Bonnie Prince Charlie (1948)
Director: Anthony Kimmins
Starring: David Niven (Prince Charles), Margaret Leighton (Flora MacDonald), Jack Hawkins (Lord George Murray), Judy Campbell (Clementine Walkinshaw), Morland Graham (Donald), Finlay Currie (Marquis of Tullibardine).
Country: British film
A not so good movie about Prince Charles of 18th century Scotland who tries to kick the English out of Scotland.
Spoiler Warning: below is a summary of the entire movie.
The governor is tired of hearing a certain popular Jacobite song. He's been fining people for singing the song all week. He scolds his stepdaughter Flora for singing the song. He says Parliament turned out King Jamie and when they brought in King Jordie it changed the whole situation. King Jamie is in exile in Rome and Flora's stepfather rules the long island in the name of King Jordie. So no more Jacobite songs, he says. (Jacobites were supporters of the Stuarts sitting on the throne.)
James Francis Edward Stuart listens to the playing of the same song heard in all of Scotland. His host is the Marquis of Tullibardine. James says that he is amazed they still sing of him, since it has been thirty years ago that he tried to take the Scottish crown by force from the English. The guys playing cards with him say that the French are ready to help him. He says he's too old for such adventures. And he is not supposed to leave Italy.
But his son Charles will go tonight. He will go hunting and then get into a disguise. He then takes a ship to head to Scotland. Charles goes and lands on Eriskay Island. He spends his first hour in Scotland alone. He talks to a shepherd named Donald resting with his sheep. Charles tells the man he wants a message taken to the chief of the MacDonalds. The shepherd says it's a long trip. He has to go onto the mainland. But then he suddenly recognizes who the man is who he is talking to. He says he has waited thirty years for the return of his father, but now his son has come. He kisses Charles's hand.
A messenger arrives to tell King George II that King Louie of France is organizing still another Jacobite uprising. He is giving the Young Pretender men and ships. The king is not concerned saying that he is a better soldier than Louie and his English soldiers are better than the soldiers of France. His navy is better too. How many ships did they give the Young Pretender? he asks. He answers his own question: one little ship.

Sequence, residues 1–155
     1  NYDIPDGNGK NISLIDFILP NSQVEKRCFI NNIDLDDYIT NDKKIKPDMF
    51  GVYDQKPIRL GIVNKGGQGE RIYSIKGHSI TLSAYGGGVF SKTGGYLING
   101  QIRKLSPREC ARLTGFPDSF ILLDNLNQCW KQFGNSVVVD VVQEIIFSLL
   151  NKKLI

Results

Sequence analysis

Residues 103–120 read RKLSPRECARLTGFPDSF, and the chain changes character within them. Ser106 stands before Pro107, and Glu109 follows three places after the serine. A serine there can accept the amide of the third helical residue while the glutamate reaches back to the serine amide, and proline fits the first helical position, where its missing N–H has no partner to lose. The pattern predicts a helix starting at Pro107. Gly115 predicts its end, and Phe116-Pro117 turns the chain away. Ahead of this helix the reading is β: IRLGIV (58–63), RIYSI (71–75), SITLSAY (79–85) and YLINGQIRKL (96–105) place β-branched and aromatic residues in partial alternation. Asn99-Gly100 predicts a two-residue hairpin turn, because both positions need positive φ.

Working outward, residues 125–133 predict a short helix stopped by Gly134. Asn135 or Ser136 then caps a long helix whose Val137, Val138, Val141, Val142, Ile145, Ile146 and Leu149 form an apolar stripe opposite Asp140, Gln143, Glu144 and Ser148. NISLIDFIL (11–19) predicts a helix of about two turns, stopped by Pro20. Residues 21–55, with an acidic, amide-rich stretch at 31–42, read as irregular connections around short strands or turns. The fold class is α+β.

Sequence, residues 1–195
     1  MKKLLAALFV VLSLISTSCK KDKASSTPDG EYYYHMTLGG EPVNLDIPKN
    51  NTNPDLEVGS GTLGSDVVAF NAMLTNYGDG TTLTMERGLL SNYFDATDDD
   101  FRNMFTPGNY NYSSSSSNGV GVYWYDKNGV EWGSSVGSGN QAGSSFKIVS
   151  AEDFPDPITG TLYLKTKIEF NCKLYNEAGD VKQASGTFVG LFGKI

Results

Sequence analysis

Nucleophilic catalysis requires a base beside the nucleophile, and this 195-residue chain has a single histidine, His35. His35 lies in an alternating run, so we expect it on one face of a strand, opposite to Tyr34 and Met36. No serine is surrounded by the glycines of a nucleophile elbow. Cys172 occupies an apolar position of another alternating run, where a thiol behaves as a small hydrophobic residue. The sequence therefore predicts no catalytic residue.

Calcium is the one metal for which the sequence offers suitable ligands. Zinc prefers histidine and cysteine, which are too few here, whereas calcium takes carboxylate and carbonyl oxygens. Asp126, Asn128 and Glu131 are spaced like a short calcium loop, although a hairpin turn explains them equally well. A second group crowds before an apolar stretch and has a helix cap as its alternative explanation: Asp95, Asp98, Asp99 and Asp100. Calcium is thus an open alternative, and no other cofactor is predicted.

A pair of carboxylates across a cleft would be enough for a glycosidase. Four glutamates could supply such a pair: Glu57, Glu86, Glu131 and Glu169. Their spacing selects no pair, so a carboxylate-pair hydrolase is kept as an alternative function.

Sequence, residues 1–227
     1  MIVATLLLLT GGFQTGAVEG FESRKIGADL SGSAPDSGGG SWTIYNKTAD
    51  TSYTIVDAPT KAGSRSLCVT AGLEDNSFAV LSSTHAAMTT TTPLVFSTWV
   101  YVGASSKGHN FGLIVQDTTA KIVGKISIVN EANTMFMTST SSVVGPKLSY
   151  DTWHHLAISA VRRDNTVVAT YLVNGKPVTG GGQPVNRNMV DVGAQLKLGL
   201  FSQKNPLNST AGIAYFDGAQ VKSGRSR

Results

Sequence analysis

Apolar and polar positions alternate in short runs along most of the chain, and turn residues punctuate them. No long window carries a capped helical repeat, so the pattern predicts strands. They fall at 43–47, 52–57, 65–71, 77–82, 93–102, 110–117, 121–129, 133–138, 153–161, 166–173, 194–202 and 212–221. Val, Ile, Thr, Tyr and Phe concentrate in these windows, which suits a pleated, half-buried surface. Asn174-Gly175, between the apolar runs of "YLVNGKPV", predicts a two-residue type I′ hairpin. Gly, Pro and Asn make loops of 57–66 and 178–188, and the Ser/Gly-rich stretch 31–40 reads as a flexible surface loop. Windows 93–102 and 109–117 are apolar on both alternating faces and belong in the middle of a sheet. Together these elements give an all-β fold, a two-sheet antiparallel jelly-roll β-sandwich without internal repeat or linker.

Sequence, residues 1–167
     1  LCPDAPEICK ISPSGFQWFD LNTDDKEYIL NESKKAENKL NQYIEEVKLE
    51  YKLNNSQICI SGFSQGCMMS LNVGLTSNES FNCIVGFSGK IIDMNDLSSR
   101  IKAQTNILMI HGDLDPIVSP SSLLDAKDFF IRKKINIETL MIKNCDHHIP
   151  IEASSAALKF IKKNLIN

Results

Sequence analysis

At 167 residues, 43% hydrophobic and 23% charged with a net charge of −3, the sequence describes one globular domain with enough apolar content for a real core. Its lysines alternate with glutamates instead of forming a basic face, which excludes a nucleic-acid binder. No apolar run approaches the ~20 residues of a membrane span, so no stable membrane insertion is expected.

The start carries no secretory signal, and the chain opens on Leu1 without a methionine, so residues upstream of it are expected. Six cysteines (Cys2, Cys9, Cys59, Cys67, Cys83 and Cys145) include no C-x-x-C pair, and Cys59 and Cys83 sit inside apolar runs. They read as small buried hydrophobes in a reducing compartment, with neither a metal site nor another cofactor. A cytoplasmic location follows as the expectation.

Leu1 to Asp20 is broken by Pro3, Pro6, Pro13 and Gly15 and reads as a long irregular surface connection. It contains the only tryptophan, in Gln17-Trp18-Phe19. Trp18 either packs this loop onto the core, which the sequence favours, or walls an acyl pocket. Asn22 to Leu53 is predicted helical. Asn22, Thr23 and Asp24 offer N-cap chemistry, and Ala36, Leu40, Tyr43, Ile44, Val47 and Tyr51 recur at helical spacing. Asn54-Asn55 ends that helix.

The Scots have arrived onboard. Tullibardine welcomes them aboard. Some of the older Scots remember him from the last uprising. Macleod wants to know where are all the promised French ships? Donald runs up to tell Prince Charles that he must get down there because Macleod is starting to dominate the discussion with his strong personality. Charles shows up and some of the leaders say that he should go home. The English are too strong to fight. Macleod asks where are the French ships? Charles says the ships were destroyed by a storm and on that basis alone the French king denied him his men. But he kept his word and came to Scotland. Now all the leaders say they will join in, except for Macleod. He will not be joining an uprising. Charles lets him go. Tomorrow they start work on getting other clans to join them.
The next morning the men impatiently wait for the arrival of Cameron of Lochiel. If he comes, the other clans will be sure to rise. Blind Jimmie comes by the men. Charles asks him if the clans will come? Blind Jimmie sings the answer to him. Soon the sound of bagpipes is heard. The clans arrive. Among them is Cameron of Lochiel. Charles warmly greets him. Charles's new general arrives: George Murray.
Tullibardine reads out a statement for all: "Wherefore James VIII of Scotland and III of England do appoint our dearest son Charles to be the sole regent of our kingdom during our absence., let all true Britons join with him in setting our country free." Charles says the Highlands are on the march.